“A curious learner motivated to share my knowledge to develop future principled leaders.”
Hometown: Columbus, OH (born in Washington, DC)
Family Members: Wife Karen; children Julia (21, University of Michigan junior) and Matthew (17, Bexley high school Junior); Ellie (Portuguese water dog)
Fun fact about yourself: I love listening to music and have a bad habit of playing along (exceptionally poorly) on my mandolin, ukulele or guitar.
Undergraduate School and Degree: BS, University of Michigan; MD, Georgetown University School of Medicine; Residency in Obstetrics and Gynecology (4 years), University of Washington; Fellowship in Gynecologic Oncology (3 years), Washington University School of Medicine in St. Louis
Where are you currently working? Sorry about the long answer – it is a bit complicated.
Employer: Arthur G. James Cancer Hospital and Solove Research Institute at the Ohio State University
- Chief Medical Officer, overseeing the clinical practice within the cancer program (hospital and clinics), report to the CEO.
- I direct the community engagement and philanthropy program at the hospital, providing a connection between medical practice and donors.
- I am a practicing gynecologic oncologist (cancer surgeon).
- I am an NIH-funded translational scientist with over $5M in federal funding for our research laboratories and over 250 peer-reviewed scientific publications.
Extracurricular Activities, Community Work, and Leadership Roles: I am active in my professional society (the Society of Gynecologic Oncology) where I become the President on May 5, 2020. I have served as a volunteer leader in this society for 20 years as a committee member, committee chair, sitting on the board of directors (now for 10 years in various roles), and presiding over the board through 2021. I volunteer my time in providing education about cancer prevention throughout the local community. Much of this work is coordinated through Pelotonia (a fundraising cycling event raising $250M over 11 years and benefiting the OSU cancer program). I have been awarded numerous teaching awards from medical students and physician trainees at Ohio State and nationally. I have been recognized nationally as a “Best Doctor” for 8 consecutive years and recognized nationally for “Top Patient Satisfaction” for 5 consecutive years.
Which academic or extracurricular achievement are you most proud of during business school? As strange as this sounds, I am very proud of becoming skilled in the use of Excel. Despite having used Excel in most of my roles in my current and previous jobs, I now recognize that I only understood the most basic of functions. I recall my first day learning about pivot tables; I was in awe about what I was able to accomplish (and honestly ashamed that I had not learned earlier!) Since then, I have continued to expand my knowledge of the program, and use pivot tables and other more advanced functions regularly. Because of this, I have become substantially more effective in my job. In fact, the first week after learning my new skill I applied it to a spreadsheet at work and recognized an error that saved our organization hundreds of thousands of dollars.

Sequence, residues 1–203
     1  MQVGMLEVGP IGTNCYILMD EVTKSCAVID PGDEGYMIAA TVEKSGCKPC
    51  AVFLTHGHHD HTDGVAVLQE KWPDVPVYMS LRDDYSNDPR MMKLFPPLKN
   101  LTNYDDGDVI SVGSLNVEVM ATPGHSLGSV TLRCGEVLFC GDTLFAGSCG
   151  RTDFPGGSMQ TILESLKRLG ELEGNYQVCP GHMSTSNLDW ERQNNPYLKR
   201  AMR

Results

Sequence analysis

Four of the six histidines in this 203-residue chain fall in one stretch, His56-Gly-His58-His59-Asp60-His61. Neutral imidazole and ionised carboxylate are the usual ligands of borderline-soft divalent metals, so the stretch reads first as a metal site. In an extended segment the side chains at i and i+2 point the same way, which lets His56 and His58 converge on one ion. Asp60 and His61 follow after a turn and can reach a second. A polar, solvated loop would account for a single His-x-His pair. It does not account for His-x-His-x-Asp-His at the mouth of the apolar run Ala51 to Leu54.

What achievement are you most proud of in your professional career? I am most proud of being the holder of two patents for discoveries made in our laboratory at Ohio State. While my overall pride is in the prospect of these discoveries improving cancer outcomes, my specific pride relates to my father. He was a patent attorney who was fascinated with medical technologies. His death from cancer at 51 inspired me to pursue biomedical research and I was proud to have honored him by patenting two of my discoveries. These patents adorned my mother’s refrigerator door as a nod to my role in honoring his legacy.
Who was your favorite MBA professor? My favorite professor was Ben Campbell, who taught economics during the first month of my EMBA. Having never taken econ before and having no business background, I was incredibly nervous starting out. Ben was engaging, used humor to enhance our learning, and made econ relevant to his students in a way that was truly enjoyable. After being out of the classroom as a student for over 27 years, he was the right professor at the right time. And I have already used some of his techniques in educating my medical students.
Why did you choose this school’s executive MBA program? From the beginning of my journey, the faculty at Fisher presented themselves as genuinely interested in the practical education of their students. In their open house for prospective students that allowed a ‘behind the scenes’ view of the experience, it was clear that the EMBA class was engaged, motivated, and most importantly having fun learning together. I was sold.
What did you enjoy most about business school in general? I really enjoyed the opportunity to learn from the diverse backgrounds of my cohort. This mix facilitated very honest conversations that were without pretense or judgment. I learned an enormous amount from my class (where often the role of the professor was more of a facilitator than an educator). I don’t know what made this class work so well, but from the first week together we knew that the administration chose well.